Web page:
I have been burned before, sometimes it peels but most of the time it just turns into a tan after a day or so. Is that bad? Oh and I have never blistered after being burnt which means that I haven’t have a second degree burn. Right? Oh and last thing, I heard if you get burnt as a kid lots when you grow up you get lots of moles which can lead to skin cancer. Is it true? If so do you think I will get it? I hope you have time to reply 🙂

    • Meagan says:

      From what I know of sunburns Ann, it’s best to avoid them all together… even letting your skin get pink or red as that’s a sign of damage. Obviously, we can’t go back in time. I too burned a lot as a kid, and I can see more signs of damage on my skin as I age. No fun! Anyway, I’m just careful about taking better care of my skin now (and keeping my kids from getting burned). As far as moles and cancer goes, moles can be normal and not a sign of cancer, but if they start to grow or get painful then it’s best to have them checked because they can become cancerous… at least as far as I know. I hope this was of some help to you, and thanks for your comment!

  10. Bethany St Andrew says:

    Don’t know if I agree that 2nd degree sunburns are not dangerous. I was 9 years old when I first received a second degree sunburn that covered almost 80% of my body. I was prescribed Declomycin for an infection that would not go away( before the burn) and managed to get the sunburn in less than 10 minutes. The only areas I wasn’t burned was where my bathing suit was. It was extremely painful and my parent had to take me to the dr’s a couple time a week to get my bandages changed. I don’t burn easily since.

    • Meagan says:

      Thanks for sharing your story, Bethany, and I’m sorry for what you went through. I’m in no way saying that 2nd-degree burns don’t hurt or can’t be a big deal. They definitely can be. All I was saying was that, most times, you don’t need to go to the doctor for a 2nd-degree burn. Now, if a large portion of your body was burned, like yours was, especially if it was caused by a drug making you more susceptible to burning, that’s a completely different story and worth a doctors attention. It’s a bummer that the doctor/pharmacist didn’t go over the common side effects more thoroughly with your mother as sun-sensitivity is common with tetracycline medicines. Again, thanks for your comment.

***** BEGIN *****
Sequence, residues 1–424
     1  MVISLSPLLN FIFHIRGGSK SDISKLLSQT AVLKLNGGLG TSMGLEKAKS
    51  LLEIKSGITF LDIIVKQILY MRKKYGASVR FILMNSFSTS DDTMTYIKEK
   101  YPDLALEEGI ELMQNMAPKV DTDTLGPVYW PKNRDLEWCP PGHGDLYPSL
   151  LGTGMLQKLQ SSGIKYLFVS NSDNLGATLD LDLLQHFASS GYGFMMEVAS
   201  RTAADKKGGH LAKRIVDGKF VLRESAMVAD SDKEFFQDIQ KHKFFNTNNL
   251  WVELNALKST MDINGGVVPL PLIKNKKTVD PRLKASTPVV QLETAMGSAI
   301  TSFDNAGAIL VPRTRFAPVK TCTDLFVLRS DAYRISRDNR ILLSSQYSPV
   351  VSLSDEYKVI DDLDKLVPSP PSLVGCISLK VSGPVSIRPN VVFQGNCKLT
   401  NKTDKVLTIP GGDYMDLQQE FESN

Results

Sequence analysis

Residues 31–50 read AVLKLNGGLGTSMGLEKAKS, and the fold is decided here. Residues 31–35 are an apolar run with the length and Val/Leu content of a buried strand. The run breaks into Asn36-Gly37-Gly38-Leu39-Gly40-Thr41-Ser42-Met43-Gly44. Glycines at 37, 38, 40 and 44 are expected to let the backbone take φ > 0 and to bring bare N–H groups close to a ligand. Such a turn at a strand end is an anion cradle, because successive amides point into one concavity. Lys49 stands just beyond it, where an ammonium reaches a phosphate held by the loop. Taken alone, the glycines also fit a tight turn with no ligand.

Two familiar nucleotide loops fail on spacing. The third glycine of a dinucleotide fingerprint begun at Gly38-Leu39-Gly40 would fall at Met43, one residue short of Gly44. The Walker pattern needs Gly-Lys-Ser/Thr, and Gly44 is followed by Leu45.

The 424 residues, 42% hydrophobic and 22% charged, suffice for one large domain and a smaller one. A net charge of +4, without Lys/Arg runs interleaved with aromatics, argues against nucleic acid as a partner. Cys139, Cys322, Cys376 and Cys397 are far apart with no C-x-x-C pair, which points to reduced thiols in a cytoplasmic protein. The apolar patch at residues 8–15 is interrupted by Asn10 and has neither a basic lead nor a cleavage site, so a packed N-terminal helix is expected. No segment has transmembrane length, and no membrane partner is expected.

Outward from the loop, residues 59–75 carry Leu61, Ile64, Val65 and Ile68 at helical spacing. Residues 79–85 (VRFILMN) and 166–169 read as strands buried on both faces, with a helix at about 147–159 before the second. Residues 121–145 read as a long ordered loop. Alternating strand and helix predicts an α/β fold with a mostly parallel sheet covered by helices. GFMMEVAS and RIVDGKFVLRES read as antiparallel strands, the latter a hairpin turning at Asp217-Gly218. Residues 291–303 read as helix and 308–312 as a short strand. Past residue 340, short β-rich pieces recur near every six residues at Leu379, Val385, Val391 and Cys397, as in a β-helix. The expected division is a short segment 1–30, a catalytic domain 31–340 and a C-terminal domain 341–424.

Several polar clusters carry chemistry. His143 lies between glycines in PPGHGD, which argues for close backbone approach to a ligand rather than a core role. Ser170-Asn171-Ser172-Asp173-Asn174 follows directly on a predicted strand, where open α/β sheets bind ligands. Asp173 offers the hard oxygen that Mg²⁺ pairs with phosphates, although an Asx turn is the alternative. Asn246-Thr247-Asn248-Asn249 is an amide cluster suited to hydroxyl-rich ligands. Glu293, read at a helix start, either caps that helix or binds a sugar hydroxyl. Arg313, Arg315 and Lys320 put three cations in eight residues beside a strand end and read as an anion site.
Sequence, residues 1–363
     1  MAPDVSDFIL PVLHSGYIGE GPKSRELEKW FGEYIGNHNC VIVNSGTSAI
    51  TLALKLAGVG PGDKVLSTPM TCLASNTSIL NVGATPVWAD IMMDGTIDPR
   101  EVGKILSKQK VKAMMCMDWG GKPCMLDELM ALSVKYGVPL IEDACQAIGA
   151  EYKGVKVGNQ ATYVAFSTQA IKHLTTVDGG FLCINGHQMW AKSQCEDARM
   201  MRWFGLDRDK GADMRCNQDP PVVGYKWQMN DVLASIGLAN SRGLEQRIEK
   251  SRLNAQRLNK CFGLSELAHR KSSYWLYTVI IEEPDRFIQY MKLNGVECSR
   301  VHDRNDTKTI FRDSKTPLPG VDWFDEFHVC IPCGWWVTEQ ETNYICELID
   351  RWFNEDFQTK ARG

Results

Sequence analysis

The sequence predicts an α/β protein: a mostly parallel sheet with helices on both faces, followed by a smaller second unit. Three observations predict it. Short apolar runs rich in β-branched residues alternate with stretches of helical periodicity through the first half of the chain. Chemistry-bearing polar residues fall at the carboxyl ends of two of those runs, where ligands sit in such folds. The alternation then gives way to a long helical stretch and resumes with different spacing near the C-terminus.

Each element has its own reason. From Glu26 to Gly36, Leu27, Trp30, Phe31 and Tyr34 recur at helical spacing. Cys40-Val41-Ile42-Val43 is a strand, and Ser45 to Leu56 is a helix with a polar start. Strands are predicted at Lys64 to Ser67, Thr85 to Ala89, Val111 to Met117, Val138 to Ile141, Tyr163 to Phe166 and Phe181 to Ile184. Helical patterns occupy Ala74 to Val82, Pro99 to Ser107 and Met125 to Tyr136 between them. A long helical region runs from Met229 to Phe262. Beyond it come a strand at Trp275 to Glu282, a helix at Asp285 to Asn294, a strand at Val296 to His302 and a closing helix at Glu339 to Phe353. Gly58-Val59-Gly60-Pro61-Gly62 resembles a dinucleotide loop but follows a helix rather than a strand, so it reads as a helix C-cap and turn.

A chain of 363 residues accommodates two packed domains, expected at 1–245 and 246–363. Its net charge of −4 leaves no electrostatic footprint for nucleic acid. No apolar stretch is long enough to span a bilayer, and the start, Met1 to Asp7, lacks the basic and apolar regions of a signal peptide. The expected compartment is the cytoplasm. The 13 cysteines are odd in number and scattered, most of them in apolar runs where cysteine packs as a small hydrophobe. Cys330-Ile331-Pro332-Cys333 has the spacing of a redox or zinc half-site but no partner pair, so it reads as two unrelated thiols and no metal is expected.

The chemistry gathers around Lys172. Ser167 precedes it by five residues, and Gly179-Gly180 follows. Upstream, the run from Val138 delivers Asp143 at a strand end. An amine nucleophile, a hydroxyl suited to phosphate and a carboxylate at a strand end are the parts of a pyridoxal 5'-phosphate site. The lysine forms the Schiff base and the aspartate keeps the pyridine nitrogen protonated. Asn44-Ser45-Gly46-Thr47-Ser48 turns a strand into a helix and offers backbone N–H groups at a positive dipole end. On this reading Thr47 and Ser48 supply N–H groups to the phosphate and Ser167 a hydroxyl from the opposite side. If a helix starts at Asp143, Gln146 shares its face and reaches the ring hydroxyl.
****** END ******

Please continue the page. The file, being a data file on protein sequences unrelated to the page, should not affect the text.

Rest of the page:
11. susan says:

    I just found your site & trying to treat 1 yr old grandchild from 1st degree sunburn on her arms. In reading I saw lavender & peppermint help ease sunburn. Decided against rubbing the EO & carrier oil on her. Opted for cool water mist w/essential oil to spray on her arms. My question is how much EO to add? There never seems to be a ratio, just which oils to use. Thanks, I enjoyed reading your posts.

    • Meagan says:

      Hi, Susan. I would simply do aloe vera gel or juice and a drop or two of lavender EO diluted in 1/4 teaspoon of sweet almond oil or something similar, spritzed or dabbed on her skin. Do not use peppermint EO on a baby that young as it’s not safe for that age. I’m so sorry… this is an OLD post, and I will be sure to update it with EO safety info. Aloe and lavender are safe for little ones though. Best of luck!!

  12. Anonymous says:


Leave a Reply

Your email address will not be published. Required fields are marked *